Knowing simple present tense of the English language is essential for basic communication, and because of this, simple present tense is commonly taught as the foundation of the language and other tenses are built from the foundation. The simplest form of simple present tense can consist of one subject and one verb. Simple present tense is used when a statement is always true, the action being described is general or the action being described happens habitually. Simple present tense may also be used as an exclamation, to express fixed time and future events and to introduce quotations.
Choose a subject for your sentence. This is the person or thing that will complete the action or that you will describe. If you are writing about yourself, "I" would be the subject. If you are writing about an object or event, "It" or the name of the object or event is the subject.
Choose your action, or verb, to explain what your subject is doing. If you are describing your subject, then you may use a "to be" verb -- such as "is," "am" or "are" -- or a "to have" verb, such as "have" or "has."
Complete your thought by adding an object. Not all simple sentences need an object at the end. An example of a present simple tense sentence without an object is: "I work." However, many present simple tense sentences are completed with an object. One example of this is: "I drink coffee." If you are describing yourself, you might say: "I am nice." If you chose to introduce a quotation, the quotation is your object. Finally, if you are describing the time of an event then the time might be your object, such as: "The fair closes at 9:00."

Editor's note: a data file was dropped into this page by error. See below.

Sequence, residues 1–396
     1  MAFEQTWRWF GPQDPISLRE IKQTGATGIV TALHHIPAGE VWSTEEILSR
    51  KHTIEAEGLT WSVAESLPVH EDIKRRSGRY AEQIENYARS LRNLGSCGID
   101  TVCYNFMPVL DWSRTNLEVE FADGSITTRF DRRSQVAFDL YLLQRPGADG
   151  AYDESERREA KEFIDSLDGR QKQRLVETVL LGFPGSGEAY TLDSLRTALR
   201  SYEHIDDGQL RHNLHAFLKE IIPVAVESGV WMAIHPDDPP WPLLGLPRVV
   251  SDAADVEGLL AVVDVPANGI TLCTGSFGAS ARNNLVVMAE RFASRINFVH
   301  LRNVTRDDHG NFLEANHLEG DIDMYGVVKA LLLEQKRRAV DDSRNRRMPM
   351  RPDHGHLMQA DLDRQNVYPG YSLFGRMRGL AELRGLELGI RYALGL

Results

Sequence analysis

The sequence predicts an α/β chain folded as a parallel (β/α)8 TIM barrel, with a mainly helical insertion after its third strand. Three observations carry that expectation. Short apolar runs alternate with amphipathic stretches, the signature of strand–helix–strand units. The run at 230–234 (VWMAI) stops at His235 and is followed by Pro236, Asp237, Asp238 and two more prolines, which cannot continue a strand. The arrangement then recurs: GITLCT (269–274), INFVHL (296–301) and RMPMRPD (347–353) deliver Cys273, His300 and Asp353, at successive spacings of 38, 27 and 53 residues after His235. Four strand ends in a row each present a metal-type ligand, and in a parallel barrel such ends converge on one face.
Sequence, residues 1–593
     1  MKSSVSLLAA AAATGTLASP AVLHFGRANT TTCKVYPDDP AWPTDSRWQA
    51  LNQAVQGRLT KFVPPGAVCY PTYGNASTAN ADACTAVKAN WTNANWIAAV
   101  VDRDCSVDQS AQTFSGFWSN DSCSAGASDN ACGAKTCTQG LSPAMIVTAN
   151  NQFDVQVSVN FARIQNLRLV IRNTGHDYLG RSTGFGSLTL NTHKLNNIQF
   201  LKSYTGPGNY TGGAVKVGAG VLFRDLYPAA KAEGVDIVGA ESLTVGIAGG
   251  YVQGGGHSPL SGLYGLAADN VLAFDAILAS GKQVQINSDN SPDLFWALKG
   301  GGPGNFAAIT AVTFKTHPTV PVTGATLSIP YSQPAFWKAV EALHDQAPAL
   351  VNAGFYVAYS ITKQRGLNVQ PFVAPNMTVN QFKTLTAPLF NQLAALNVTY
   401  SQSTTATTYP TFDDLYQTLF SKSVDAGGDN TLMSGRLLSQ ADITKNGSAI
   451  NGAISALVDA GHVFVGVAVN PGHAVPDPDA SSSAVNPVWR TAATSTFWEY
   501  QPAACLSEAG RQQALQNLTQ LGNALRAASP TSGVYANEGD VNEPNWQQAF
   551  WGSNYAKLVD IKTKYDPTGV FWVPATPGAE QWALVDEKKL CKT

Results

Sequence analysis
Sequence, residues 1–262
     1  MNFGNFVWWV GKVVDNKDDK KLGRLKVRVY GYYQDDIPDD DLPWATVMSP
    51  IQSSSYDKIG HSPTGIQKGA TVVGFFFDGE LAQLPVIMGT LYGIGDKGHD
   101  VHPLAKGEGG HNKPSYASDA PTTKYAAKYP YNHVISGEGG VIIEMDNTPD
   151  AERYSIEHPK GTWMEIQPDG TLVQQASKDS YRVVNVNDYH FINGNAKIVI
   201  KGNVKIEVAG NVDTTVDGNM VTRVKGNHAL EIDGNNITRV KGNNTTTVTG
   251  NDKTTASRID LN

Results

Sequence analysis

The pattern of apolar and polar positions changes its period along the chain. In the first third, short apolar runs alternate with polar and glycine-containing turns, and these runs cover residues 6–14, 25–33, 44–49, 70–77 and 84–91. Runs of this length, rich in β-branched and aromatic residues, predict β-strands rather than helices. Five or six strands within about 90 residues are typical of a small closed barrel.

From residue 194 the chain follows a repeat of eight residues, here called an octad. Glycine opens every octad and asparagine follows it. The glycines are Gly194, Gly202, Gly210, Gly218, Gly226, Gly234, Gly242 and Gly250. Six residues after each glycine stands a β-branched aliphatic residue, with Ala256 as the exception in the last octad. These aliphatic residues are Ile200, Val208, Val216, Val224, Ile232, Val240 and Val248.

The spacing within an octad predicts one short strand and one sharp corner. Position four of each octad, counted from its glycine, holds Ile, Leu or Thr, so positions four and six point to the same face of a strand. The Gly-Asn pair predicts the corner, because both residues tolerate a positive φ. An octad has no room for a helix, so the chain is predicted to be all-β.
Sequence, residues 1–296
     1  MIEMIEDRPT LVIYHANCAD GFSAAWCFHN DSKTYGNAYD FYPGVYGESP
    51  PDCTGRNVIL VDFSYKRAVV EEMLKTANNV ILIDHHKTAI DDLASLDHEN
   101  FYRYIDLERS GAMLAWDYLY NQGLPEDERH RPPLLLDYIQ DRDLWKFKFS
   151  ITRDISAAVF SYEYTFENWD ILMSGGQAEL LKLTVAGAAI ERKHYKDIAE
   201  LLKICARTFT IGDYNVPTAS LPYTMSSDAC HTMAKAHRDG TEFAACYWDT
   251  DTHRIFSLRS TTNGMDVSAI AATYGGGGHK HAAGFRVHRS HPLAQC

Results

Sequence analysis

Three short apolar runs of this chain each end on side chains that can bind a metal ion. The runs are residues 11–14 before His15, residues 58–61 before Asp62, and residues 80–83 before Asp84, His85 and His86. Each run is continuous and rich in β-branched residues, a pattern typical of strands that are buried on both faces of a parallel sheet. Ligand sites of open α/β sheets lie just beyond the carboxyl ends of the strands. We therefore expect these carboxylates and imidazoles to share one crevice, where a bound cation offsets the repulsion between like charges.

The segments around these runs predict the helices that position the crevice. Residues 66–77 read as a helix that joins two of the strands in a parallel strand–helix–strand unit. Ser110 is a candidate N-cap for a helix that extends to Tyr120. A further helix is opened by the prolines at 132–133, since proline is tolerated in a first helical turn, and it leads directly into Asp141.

Marianne Luke has been writing professionally since 2005. She has experience writing instruction manuals, research, fiction, nonfiction and poetry, and she also reviews Orlando local music for "Orange Ave Lab" magazine. Luke earned a Bachelor of Arts in technical communications and creative writing from the University of Central Florida in 2010.